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Originally posted by solidshot
but what would explain both the loss of power and the electronics failure both at the same time?
Originally posted by Rotoplooker
There was a crash of an Airbus 320 that was doing a low pass during a demonstration. When the pilot applied power for the climb-out, the engines did not respond and remained idle. Some think this was caused by a programming error in the fly by wire software.
Originally posted by FredT
Just comming on and have not read the entire thread.,
Was this an ETOPS a/c?
Twin engine failures IMHO points to either a fuel issue or some kind of software code error. A dual birdstrike is highly unlikely as is an EMP type device.
Originally posted by solidshot
An emp would surely have knocked out the electronics around the airport? also don't aircraft have their electronics encased within some kind of faraday cage to protect them from lightening strikes ect? and wouldnt this have rendered an emp useless?
[edit on 18-1-2008 by solidshot]
Another method of protection is to keep all essential electronics within an electrically conductive enclosure, called a Faraday cage. This prevents the damaging electromagentic field from interacting with vital equipment. The problem with Faraday cages is that most vital equipment needs to be in contact with the outside world. This contact point can allow the electromagentic field to enter the cage, which ultimately renders the enclosure useless.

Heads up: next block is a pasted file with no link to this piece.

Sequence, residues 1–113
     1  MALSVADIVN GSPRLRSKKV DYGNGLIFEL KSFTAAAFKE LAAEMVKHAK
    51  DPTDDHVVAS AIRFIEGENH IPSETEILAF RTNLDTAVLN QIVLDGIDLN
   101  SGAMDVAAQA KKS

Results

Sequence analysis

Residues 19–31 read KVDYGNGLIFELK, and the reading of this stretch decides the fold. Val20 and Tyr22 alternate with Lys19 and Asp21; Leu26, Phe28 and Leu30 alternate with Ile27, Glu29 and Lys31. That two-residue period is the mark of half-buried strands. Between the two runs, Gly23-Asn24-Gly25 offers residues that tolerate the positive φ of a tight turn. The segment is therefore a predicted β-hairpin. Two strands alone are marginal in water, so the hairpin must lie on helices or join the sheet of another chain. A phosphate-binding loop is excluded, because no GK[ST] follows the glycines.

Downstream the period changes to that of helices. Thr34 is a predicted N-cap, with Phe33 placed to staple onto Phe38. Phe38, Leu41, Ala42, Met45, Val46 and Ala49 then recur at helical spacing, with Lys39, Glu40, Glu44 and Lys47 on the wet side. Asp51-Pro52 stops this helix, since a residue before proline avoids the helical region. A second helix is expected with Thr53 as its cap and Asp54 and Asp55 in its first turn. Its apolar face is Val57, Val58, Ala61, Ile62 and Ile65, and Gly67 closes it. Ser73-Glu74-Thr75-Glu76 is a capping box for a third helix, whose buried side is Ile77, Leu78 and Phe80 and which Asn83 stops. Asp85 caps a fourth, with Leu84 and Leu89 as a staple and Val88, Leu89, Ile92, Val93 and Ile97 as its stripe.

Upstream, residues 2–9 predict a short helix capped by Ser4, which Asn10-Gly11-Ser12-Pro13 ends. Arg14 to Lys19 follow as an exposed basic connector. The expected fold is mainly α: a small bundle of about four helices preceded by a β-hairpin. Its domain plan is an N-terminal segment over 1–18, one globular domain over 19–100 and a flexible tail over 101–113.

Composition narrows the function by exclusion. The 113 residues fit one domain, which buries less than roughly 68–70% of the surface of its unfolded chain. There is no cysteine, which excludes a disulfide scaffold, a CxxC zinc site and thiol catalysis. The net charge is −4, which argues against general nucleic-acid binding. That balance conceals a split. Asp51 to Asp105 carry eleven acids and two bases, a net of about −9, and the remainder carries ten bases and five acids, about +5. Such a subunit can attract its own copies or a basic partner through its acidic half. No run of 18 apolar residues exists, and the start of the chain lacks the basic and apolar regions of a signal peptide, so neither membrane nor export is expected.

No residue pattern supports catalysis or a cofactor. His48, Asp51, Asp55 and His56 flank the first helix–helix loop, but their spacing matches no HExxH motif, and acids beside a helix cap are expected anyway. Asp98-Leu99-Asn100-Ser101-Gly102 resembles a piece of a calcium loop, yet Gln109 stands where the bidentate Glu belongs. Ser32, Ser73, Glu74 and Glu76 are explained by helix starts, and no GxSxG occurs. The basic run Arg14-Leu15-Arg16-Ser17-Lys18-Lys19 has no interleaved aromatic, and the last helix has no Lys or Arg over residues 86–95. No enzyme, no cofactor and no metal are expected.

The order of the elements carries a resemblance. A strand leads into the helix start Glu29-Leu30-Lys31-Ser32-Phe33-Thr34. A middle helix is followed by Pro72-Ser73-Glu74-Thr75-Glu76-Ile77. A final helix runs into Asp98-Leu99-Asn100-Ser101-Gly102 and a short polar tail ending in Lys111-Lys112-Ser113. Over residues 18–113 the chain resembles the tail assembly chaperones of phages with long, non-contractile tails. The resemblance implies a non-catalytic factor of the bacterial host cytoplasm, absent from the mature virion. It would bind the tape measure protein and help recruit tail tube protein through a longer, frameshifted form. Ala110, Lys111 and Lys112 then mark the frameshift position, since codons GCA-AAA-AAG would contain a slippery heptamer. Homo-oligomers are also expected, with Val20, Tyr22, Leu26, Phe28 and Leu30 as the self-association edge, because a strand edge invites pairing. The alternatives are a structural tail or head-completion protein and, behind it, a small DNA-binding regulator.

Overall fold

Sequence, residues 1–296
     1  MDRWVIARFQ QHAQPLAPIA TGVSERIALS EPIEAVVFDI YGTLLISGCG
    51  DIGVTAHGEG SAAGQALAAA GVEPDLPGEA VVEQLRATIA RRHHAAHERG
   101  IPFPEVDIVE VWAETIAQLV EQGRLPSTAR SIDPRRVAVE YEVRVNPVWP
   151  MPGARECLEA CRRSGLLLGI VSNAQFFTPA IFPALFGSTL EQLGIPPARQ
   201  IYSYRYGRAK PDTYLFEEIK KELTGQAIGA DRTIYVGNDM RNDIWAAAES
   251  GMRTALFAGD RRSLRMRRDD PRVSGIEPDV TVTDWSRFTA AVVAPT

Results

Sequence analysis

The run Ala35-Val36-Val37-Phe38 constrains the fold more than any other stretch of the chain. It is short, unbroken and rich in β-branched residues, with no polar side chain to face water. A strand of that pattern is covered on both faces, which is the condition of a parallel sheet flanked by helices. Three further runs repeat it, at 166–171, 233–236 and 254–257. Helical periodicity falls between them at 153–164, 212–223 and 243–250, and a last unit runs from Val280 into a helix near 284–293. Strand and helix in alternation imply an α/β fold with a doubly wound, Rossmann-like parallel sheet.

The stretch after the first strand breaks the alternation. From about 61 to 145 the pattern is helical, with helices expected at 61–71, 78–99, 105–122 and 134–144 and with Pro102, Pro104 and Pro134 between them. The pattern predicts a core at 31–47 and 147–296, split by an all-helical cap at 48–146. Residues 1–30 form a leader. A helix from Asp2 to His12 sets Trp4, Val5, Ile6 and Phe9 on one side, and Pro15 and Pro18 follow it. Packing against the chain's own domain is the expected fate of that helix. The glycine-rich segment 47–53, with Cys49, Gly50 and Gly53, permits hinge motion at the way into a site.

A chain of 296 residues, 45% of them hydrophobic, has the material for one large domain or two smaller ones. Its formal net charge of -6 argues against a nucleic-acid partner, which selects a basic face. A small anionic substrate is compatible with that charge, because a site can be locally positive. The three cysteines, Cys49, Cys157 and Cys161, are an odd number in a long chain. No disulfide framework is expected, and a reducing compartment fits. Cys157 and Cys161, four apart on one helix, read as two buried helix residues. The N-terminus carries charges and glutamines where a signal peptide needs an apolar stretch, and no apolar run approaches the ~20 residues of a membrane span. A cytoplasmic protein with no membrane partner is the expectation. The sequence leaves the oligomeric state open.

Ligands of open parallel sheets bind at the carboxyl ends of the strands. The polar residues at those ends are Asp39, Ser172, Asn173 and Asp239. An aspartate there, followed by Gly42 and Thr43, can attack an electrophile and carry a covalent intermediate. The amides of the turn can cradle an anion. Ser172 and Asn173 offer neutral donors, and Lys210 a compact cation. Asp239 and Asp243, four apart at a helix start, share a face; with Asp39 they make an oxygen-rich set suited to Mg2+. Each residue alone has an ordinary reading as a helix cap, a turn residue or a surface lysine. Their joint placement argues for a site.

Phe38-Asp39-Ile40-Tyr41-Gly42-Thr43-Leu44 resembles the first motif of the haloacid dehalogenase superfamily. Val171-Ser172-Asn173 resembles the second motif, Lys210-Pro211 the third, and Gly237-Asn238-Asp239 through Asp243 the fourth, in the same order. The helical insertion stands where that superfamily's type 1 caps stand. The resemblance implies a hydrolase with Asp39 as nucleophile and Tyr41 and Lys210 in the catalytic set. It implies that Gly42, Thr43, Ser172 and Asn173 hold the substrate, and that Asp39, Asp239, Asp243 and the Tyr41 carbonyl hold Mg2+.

The aircraft came to rest at the edge of the pre-threshold tarmac of runway 27L having made a very short ground run of about 350m. Witness reports of the aircraft attitude as it crossed the boundary fence suggest the aircraft was at or close to its stalling speed.
Sources at Heathrow say the crew had declared an emergency early on final approach but did not have time to be specific about the problem.
Almost all the passengers who have commented since the accident say the approach felt normal and the crew did not provide any warnings, but many did not realise they had "crashed" until the cabin crew ordered the evacuation. There was no fire
The theory pilots propose is that although fuel was plentiful, a heavier-than-fuel contaminant, such as water, represented a minute proportion of the fuel in the tanks on the approach, so problems did not arise.During the flight, the fuel was cold-soaked and any contaminant could have frozen to crystalline or solid form. Then, in the bumpy approach at lower levels, as the fuel warmed, the melting contaminant began to circulate in the relatively small amount of fuel remaining, forming a slush that could impede the fuel flow to the engines
Originally posted by juggle
Seems like a very plausible reason seeing as a birdstrike has all but been ruled out. I wonder if any checks are being performed at the Airport in China to ascertain any issues with the quality of fuel used ?
Hey John Lear, what are your thoughts on the fly by wire systems?